Character bios and the best ways to expand them

Character bios are used before the actual script is written and read. They are small sketches of your characters that explain what kind of world and story you are presenting to the readers (so producers and investors). This information does not necessarily appear in a film since sometimes a character is met by the viewers gradually in a film. However, character bios are a must-have for any script presentation or pitch. With the experience of Gary Collins from Red Rock Entertainment Ltd., you will learn about the elements of a character’s bio that sells a script and turns it into a film.

Choose a stereotype and add an archetype to it

Archetypes are believed to be the ancient universally known symbols existing in every culture regardless of geography. Character’s archetype in a film or a book is the basis of every story. Arcs help determine who the character is, even before you get their personal information on the table. Archetype is the foundation of a person’s behaviour, choices, goals, and life in general; hence it is a foundation of every film character bio.

It is, however, of utmost importance not to mix up two things: archetypes and stereotypes. Even though every human being has the same set of physical characteristics and organs, each and everyone has a unique set of mind, habits, preferences, emotions, etc. So while a stereotype says the most generalised information (s/he is a teacher), an archetype adds meaning to it (s/he is a teacher and a hero). Consider this example for the films The Ron Clark Story or Mona Lisa Smile.

There are dozens of archetypes that a screenwriter can choose for characters. You might not know whether you are creating a hero, a black knight, a girl next door, an observer, or an outlaw; but it is better to define the characters from the very beginning. Check these possible options to develop a truthful and yet original character.

Describe the background

Background of any character consists of the family definition and the current general personal information. Family defines who we are in general, so by letting the readers know about a character’s family, you will instantly describe and explain a wide range of their life experiences. For example, in the Game of Thrones, everyone knows that “A Lannister always pays his debts” so it explains why Tyrion killed his father who had always been ridiculing and belittle his son.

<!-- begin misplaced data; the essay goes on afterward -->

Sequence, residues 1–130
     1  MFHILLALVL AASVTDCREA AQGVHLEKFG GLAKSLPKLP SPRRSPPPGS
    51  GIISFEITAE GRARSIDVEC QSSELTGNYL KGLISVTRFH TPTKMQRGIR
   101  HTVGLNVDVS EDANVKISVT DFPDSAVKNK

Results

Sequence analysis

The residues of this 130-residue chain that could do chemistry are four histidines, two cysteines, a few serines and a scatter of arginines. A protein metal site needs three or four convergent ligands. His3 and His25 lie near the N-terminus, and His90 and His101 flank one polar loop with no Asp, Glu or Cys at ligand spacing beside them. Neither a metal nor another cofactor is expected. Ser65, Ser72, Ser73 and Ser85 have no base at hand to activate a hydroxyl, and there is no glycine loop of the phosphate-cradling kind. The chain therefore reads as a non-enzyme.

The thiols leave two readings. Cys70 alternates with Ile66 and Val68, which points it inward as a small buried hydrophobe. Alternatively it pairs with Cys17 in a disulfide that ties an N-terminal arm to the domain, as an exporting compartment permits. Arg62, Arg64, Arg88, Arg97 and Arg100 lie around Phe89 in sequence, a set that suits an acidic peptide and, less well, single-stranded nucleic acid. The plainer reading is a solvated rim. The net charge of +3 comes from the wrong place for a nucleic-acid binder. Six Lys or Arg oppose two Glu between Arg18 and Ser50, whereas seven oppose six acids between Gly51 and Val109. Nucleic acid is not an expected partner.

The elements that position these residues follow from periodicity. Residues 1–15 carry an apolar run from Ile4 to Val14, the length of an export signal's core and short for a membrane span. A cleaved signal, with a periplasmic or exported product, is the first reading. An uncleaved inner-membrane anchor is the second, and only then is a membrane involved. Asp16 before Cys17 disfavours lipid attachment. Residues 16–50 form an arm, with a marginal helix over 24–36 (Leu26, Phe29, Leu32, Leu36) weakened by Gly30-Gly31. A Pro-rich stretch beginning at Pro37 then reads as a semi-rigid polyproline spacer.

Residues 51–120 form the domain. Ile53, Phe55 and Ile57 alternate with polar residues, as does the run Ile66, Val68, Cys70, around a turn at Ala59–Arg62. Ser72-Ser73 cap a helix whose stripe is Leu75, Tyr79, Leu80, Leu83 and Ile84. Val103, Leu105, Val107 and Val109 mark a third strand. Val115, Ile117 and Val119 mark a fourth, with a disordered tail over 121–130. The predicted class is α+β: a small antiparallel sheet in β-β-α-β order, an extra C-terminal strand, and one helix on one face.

The personal information mostly describes the physical appearance of a particular character you develop. Height, weight, eyes colour, hair colour and length, clothing style, etc. Whenever you are expanding your character’s personal information, at all times remember about the ruthless stereotypes (“blonds are stupid”). Moreover, there is a great workaround for such stereotypes: use them and then break them in your character. Remember Legally Blond? Elle Woods was described as a stupid blond who then developed into a fully-functional, savvy, and unique lawyer. Keep in mind that while you describe both family and personal information about a character, try to hold it back sometimes to explain a particular action of his or her later on and so keep the readers focused.

Strengths and weaknesses

No human being is perfect. Neither should be your character. Everyone has better and worse traits, so by engaging in these characteristics, you can keep your story fresh and alluring. Think of superheroes. Achilles was invincible – this is his strength, but he has his heel – this is his weakness.

A great character’s bio is built on how the people in your story overcome or give in to their weaknesses, how they use their strengths to their advantage or actually miss on noticing those. Walter White from Breaking Bad got so fed up with his life that he used the knowledge of chemistry (strength) to create a methamphetamine world-known cartel of some sort. G.I. Jane was initially weak physically, yet she gained the power to overcome it and become the first woman to undergo training in U.S. Navy Special Warfare Group.

Flaws empower empathy

There is no single person in the world without flaws. So a flawless character would not feel real to the readers and then viewers. Flaws make your characters more humane, even though they might not be actual human beings, such as Gamora, Groot or Rocket from the Guardians of the Galaxy or Neytiri with Tsu-tey from Avatar. Every character in a film needs to have their flaws to call for empathy from the readers and viewers. Without empathy, they will seem dull and tedious.  

But don’t mix up flaws with weaknesses. Peter Parker from Spider-Man had a weakness – it is Ethyl Chloride, which is a deadly chemical for all spider-esque characters. But a flaw is something more personal; for Peter Parker, it would be willing to save everyone and everywhere without taking time to save himself.

And the final point in tips for improving your character’s bio is to explain to the readers why they should care. Producing crew from Red Rock Entertainment reviews hundreds of scripts monthly so the important thing they are looking is the explanation why they need to think of this character and a secret, why he or she is so engaging and luring. Remember that empathy and uncovered secrets are exactly what will make everyone remember your characters and your script, and which would eventually sell your work.

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